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Personal "Failure" Is Just a Result

I'm reading a book by two teens called Do Hard Things. It's a book which represents a rejection of the low values and expectations the world at large has for teenagers. Their point is that just because you're aged 12-18, the belief you are incapable of taking on difficult challenges is nonsense. See, the idea of the "teenager" is actually a relatively new one, and the result of excesses of the Industrial Revolution. Before that, there were two categories: children and adults. They cite examples like George Washington, Clara Barton (who would later found the Red Cross), and David Farragut (who had his first ship command at age 12) as examples of teens or younger who did great things at that age. If you want to read more about what they're saying in that arena, check out the book or the web site. I'd like to focus on a point they make, which I've seen pointed out before by other performance coaches. That's the idea that personal failure is simply a result.

Inevitably, when we try to do things, sometimes we're going to fail. That's life. For instance, consider that if you fail to get a hit in baseball 65% of the time, you'd be considered one awesome hitter. Now simplifying things and taking out walks, sacrifices, and the like, that still means you fail almost twice as much as you succeed at this simple task. Only a rare few can maintain this kind of clip in Major League Baseball. And they would be considered success stories. So why are we so afraid of a personal failure? Some would say because there is more riding on our successes and failures. But that's not necessarily the case. For instance, a single swing of the bat can mean a sizable difference in the fortunes of certain individuals and teams. Just ask the Red Sox about this historic homerun. That little ball flying out of the park resulted in a change of fortune for two baseball teams. So why do we put so much emphasis on personal failures?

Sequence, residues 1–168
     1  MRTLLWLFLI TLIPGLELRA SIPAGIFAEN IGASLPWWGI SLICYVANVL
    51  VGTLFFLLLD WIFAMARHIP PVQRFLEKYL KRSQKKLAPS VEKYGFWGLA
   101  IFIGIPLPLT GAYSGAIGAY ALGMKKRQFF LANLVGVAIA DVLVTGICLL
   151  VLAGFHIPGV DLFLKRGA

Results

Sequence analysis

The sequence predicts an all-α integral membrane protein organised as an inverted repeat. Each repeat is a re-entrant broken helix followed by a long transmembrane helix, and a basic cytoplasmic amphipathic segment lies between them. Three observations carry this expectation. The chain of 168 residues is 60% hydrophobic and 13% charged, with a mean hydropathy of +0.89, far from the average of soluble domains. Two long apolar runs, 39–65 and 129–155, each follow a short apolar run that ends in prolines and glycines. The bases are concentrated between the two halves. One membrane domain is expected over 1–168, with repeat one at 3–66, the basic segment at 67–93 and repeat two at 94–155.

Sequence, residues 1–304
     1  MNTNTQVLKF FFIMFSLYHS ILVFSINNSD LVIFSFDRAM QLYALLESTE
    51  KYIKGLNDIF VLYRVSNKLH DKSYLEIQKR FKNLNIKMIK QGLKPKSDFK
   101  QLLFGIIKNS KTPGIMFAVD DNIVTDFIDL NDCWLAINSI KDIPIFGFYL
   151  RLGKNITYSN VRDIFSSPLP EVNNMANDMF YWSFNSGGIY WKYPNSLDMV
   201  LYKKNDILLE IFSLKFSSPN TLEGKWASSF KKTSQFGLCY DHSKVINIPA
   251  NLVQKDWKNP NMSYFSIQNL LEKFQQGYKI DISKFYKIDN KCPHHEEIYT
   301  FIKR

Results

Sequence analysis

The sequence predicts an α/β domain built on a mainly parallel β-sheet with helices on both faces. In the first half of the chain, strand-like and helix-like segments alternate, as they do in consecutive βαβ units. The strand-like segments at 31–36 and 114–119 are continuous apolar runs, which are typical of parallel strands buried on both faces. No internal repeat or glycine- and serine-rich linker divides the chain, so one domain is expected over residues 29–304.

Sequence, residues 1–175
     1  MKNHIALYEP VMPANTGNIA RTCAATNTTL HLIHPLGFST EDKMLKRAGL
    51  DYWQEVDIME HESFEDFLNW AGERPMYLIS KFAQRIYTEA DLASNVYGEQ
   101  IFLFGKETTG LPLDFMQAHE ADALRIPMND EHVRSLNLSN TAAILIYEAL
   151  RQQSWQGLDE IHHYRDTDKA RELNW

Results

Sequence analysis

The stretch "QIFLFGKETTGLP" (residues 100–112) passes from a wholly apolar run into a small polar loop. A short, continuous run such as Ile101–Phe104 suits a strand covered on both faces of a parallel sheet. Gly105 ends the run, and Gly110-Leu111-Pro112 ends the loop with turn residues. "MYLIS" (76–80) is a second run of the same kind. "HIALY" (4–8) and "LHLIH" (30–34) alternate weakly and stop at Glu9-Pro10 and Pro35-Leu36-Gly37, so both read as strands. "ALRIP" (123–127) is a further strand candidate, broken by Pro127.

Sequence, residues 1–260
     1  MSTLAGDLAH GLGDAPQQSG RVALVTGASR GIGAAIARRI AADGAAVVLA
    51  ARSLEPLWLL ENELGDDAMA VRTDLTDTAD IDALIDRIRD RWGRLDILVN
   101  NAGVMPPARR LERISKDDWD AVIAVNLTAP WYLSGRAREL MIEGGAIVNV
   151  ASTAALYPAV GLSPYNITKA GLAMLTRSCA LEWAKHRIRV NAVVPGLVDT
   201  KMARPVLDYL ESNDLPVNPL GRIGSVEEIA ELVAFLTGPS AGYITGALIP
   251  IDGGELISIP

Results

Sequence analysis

Often we treat failure like a disaster. We treat failure like an incurable disease. As a result, we become afraid to try something new. We hesitate to attempt something great. We may be miserable where we are, but at least we understand and know where we are. Failure brings about an unknown. For that matter, so does success. So we simply don't try. We don't push ourselves, or at least we don't do so with any sort of intensity and passion. And then, years later we wonder why we haven't gone a lot further than where we find ourselves.

Instead of treating personal failure like a disaster, we need to treat it simply as a result, like 5 or 7, or blue. In the effort of trying, we should gain or improve or grow. For instance, the first time I stepped up to the plate, I made about 11 or 12 bad swings out of 15. The good swings were not due to any skill. I simply didn't know how to swing the bat. But I got up there and tried. That's what you did in Little League. My dad promptly took me to a batting cage a few times and within a couple of weeks I had a really decent swing. I learned from my mistakes. I learned how to choke up to get better control of the bat. I learned how to step properly to shift my hips and put power into my swing. I learned how to make the swing itself relatively short and compact, so that I could rip it through the strike zone quickly. As a result, there wasn't a pitcher in our league I couldn't the ball in play against and I ended up hitting lead-off because I could either take the walk (I developed my eye, too) or slap hit a single and then proceed to steal second and third, meaning I came home for a run most times I got up to bat. But that only came after many, many failures to simply make contact with the ball, much less make good contact. Over the next three years I worked on my swing a lot. At the end of my short baseball career, I left with my swing being the best part of my game. Far better than my fielding and throwing and my speed, which started out as my greatest strengths. Over the course of that time I learned how to lengthen my swing and my step to generate even more power. I was slid from lead-off to clean-up and went from the guy who set up the rest of the hitters in the line-up to the one who hit them home. But all of that came with a lot of failures. Learning to hit someone who threw sidearm. Learning to lay off the high heat. Learning to read a breaking ball coming in. Learning how to soften up on a bunt. That last one was one of the hardest things to learn. I can't tell you how many times I pushed the ball and failed to get the bunt down before I felt comfortable laying a bunt down in a real game. Each time was a failure. But it wasn't a disaster.